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Discussion Starter · #1 ·
One of those again!!We Rodders get them from now and then,as you well know,so here goes......had a leaking servo on my Pop,so got a new one( had no numbers on it at all so 15 hrs on ebay etc and found a Victor 101 that was new and same size!)Anyway master cylinder had to be removed so we got the usual rounded head fittings.I was going to change the cylinder just to keep everything new but could nt find one like it and after trawling for several days on computer. ,gave up and stripped it down to get seal numbers,which I actually got.Rebuilt master cylinder and took rear brake pipes off to. Have new ends/fittings put on.(Did nt want to take front pipe off,there are pipes to each wheel so Master cylinder is a 4 pot,,as it looked like a nightmare to remove so bought a sealer DIY flare kit and tried to do it in situ).What a job!Tried about 12 times to get double flare and in the end gave it my best shot.........not too bad a flare but not brilliant.Put it all back together today and with wife on the pedal tried bleeding,near side front first,air and fluid flew out .......next off side front,no problem,then rears and this I'd where PROBLEM started.....no fluid coming out,then eventually a bit after almost screwing nipple out,no not the wife's!,so back to near side front....no fluid coming out,same on the other side,pumped pedal for ages tried nipples.....no fluid coming out.Pedal goes hard when motor is run then turned off so servo works but with motor running pedal goes to floor!no brakes?So what's going on?Is master cylinder knackered after initial pumps? Is it something to do with my duff flares on two of the pipes going into master cylinder?Are these stopping fluid from being pumped out of cylinder?Can t think what it can be,anyone any ideas?"?................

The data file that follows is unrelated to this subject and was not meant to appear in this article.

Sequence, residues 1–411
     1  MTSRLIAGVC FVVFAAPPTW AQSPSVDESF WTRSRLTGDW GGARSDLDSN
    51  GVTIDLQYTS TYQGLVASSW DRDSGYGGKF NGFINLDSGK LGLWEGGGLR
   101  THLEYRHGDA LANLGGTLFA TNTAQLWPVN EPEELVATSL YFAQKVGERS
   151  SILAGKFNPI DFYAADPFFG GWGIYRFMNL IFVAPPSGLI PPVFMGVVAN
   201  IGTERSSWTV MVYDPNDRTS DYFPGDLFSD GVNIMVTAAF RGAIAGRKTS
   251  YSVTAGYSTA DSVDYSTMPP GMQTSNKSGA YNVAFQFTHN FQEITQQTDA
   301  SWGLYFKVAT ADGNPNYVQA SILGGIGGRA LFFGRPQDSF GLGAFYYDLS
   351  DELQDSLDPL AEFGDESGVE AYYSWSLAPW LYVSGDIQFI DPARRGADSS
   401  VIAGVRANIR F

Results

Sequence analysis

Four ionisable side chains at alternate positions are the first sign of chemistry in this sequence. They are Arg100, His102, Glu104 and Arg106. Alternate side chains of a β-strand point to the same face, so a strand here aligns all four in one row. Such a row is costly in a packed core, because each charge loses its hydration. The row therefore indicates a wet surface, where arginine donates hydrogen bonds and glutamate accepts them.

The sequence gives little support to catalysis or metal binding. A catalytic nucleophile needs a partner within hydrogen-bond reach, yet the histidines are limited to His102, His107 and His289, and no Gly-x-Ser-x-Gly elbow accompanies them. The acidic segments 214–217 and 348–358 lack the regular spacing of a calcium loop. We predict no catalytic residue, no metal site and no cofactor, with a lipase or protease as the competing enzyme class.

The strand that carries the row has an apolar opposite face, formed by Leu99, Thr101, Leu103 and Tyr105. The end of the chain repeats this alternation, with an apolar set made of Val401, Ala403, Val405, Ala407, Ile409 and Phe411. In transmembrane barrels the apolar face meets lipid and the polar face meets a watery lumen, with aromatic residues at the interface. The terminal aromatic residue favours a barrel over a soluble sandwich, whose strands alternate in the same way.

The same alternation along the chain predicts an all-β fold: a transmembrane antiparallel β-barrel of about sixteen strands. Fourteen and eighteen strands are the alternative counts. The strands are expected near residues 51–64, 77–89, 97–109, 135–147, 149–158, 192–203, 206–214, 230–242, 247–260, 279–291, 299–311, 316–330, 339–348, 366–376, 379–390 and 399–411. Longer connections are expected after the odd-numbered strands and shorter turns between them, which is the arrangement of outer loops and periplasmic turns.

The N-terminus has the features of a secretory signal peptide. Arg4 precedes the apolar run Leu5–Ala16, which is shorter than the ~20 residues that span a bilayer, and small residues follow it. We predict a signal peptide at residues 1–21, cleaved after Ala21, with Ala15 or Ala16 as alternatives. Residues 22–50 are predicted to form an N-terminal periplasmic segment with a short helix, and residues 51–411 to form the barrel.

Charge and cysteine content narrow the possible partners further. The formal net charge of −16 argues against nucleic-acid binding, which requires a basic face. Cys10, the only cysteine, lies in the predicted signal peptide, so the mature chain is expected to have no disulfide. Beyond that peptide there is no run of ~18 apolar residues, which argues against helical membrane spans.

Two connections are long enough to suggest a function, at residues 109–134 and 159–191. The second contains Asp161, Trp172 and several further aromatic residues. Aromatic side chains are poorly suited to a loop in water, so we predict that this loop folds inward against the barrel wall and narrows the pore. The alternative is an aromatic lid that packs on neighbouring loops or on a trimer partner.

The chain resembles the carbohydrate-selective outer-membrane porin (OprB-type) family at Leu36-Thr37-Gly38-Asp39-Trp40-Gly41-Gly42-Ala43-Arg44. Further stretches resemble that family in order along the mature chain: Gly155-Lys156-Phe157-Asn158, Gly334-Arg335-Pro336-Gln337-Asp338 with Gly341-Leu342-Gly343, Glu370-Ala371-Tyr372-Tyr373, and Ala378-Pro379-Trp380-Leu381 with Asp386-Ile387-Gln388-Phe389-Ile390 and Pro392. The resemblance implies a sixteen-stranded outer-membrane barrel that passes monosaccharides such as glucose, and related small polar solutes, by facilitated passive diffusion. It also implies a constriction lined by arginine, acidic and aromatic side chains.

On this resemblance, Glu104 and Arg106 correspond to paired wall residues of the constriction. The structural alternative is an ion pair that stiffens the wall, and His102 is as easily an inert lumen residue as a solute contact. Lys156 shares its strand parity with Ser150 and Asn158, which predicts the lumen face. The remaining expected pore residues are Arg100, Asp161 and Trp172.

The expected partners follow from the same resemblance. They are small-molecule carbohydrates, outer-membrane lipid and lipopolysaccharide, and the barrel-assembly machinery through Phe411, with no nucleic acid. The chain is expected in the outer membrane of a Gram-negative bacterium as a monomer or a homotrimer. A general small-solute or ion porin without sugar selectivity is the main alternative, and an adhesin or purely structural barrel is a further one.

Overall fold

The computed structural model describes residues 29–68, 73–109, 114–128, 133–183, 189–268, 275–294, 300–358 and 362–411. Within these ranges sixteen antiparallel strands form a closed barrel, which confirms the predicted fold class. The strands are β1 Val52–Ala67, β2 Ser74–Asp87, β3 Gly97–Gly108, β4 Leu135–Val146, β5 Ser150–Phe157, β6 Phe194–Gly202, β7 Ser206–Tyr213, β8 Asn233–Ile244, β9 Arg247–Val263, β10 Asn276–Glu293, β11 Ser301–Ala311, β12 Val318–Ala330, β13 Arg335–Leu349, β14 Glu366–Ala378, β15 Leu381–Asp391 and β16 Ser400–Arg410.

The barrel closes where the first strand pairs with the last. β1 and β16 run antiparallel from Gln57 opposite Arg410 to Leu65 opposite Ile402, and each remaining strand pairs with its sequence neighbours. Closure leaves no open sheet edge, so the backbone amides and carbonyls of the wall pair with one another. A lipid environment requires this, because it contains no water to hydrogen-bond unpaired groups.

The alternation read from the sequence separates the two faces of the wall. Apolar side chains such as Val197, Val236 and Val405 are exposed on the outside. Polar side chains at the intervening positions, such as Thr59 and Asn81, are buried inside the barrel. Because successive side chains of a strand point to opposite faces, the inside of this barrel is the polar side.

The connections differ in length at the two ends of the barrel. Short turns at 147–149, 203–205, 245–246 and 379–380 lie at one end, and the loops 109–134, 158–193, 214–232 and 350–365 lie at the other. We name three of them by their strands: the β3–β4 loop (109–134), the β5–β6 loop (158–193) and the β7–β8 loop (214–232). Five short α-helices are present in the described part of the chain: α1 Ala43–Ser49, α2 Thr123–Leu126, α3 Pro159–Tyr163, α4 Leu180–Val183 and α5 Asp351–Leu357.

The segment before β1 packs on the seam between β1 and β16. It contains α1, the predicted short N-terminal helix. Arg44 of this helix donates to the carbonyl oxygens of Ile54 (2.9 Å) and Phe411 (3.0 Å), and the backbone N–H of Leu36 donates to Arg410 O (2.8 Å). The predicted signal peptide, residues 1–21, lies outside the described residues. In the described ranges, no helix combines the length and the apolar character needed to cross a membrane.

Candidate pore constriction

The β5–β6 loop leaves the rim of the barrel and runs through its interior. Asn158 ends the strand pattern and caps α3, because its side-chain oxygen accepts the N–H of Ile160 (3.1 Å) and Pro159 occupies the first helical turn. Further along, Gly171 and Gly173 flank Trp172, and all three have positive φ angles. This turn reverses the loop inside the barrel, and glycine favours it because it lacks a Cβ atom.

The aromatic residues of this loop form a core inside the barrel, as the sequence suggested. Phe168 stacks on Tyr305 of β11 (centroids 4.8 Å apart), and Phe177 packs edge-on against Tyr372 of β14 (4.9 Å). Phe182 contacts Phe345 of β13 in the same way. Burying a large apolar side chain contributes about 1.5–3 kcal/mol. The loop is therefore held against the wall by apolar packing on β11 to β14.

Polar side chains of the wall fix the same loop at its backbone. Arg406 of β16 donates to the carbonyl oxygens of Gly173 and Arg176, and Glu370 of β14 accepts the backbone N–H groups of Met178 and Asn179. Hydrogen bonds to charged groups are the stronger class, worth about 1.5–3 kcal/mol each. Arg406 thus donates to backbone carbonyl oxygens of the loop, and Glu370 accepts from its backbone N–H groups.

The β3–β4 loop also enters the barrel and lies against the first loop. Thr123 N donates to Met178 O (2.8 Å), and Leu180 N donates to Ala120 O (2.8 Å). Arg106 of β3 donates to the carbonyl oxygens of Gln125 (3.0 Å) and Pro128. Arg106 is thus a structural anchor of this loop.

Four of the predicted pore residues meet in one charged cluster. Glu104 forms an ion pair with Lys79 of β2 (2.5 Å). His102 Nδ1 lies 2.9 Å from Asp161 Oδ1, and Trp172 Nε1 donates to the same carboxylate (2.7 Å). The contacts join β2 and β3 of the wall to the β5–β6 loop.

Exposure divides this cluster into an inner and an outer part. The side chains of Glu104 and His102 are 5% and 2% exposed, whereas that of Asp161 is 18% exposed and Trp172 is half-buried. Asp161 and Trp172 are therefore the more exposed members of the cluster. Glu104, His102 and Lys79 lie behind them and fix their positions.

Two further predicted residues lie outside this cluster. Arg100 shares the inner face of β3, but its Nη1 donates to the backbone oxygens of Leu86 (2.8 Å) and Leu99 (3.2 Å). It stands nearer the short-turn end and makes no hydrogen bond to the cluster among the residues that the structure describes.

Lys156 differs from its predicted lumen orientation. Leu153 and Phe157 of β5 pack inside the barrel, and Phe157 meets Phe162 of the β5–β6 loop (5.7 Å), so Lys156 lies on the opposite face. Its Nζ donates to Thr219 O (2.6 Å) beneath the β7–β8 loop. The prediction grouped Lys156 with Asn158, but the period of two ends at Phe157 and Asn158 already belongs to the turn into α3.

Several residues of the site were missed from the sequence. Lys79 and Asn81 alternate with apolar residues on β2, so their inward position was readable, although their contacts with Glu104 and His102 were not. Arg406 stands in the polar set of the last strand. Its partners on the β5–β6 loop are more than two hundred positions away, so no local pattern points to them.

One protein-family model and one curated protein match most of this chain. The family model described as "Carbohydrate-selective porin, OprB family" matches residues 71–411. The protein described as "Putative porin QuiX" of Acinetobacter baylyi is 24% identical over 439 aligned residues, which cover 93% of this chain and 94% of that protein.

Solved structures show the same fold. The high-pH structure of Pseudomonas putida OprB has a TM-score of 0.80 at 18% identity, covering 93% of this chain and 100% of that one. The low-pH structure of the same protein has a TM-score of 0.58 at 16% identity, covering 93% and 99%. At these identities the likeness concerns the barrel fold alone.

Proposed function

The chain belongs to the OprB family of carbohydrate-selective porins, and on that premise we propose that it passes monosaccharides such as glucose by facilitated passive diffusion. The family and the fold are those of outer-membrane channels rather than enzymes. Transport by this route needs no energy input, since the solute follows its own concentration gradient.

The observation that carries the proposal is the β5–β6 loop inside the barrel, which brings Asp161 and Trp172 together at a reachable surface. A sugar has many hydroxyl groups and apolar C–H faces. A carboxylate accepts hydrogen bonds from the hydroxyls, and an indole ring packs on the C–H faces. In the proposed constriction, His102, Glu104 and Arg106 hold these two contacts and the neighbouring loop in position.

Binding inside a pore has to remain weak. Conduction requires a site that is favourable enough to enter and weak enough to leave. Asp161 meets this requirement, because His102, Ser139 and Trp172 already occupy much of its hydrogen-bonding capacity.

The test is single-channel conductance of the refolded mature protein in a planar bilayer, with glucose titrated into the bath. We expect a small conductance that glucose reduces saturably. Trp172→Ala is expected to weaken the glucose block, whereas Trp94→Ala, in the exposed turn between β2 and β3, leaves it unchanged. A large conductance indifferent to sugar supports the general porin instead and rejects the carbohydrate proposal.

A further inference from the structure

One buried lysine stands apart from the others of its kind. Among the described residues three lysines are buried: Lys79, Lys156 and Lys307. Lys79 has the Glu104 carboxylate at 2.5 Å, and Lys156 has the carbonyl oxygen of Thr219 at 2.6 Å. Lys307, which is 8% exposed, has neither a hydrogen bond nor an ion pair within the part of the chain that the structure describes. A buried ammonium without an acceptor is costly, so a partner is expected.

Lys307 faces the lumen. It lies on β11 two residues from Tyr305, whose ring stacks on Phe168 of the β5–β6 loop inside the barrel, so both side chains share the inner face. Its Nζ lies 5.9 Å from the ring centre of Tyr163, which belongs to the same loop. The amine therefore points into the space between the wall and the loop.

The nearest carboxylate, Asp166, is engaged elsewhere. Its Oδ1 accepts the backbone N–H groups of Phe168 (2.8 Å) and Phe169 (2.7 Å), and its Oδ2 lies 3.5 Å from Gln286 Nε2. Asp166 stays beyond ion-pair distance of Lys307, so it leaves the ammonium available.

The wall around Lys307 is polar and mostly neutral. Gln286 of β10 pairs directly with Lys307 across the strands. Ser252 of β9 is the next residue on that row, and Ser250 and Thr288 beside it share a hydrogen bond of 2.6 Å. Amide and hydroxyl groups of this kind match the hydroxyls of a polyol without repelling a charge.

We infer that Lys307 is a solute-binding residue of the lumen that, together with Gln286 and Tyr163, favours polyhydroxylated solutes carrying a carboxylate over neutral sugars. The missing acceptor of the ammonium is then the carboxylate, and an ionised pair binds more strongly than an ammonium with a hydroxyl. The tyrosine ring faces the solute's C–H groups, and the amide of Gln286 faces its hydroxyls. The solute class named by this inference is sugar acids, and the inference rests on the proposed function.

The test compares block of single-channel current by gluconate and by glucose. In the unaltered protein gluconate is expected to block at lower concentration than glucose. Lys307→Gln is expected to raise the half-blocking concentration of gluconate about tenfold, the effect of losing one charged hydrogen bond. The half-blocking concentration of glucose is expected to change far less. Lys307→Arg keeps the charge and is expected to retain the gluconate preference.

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That's because you should have bled the rears first on a dual circuit the rear most on the servo is the rear and the way it couples and pushes each piston inside means it a pig to bleed if you do it in the wrong order. Either drain down one of the front calipers or use a pressure bleeder should fix it.
 

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Discussion Starter · #3 ·
That's because you should have bled the rears first on a dual circuit the rear most on the servo is the rear and the way it couples and pushes each piston inside means it a pig to bleed if you do it in the wrong order. Either drain down one of the front calipers or use a pressure bleeder should fix it.
. Thanks for info BUT what I can t understand is on the master cylinder there are 4ports .The front ports,those nearest to servo,the r/h one serves the R/h front wheel and the l/h one serves the l/h rear and on the two rear ports the r/h one serves the right rear and the l/h one serves l/h front,now is that right?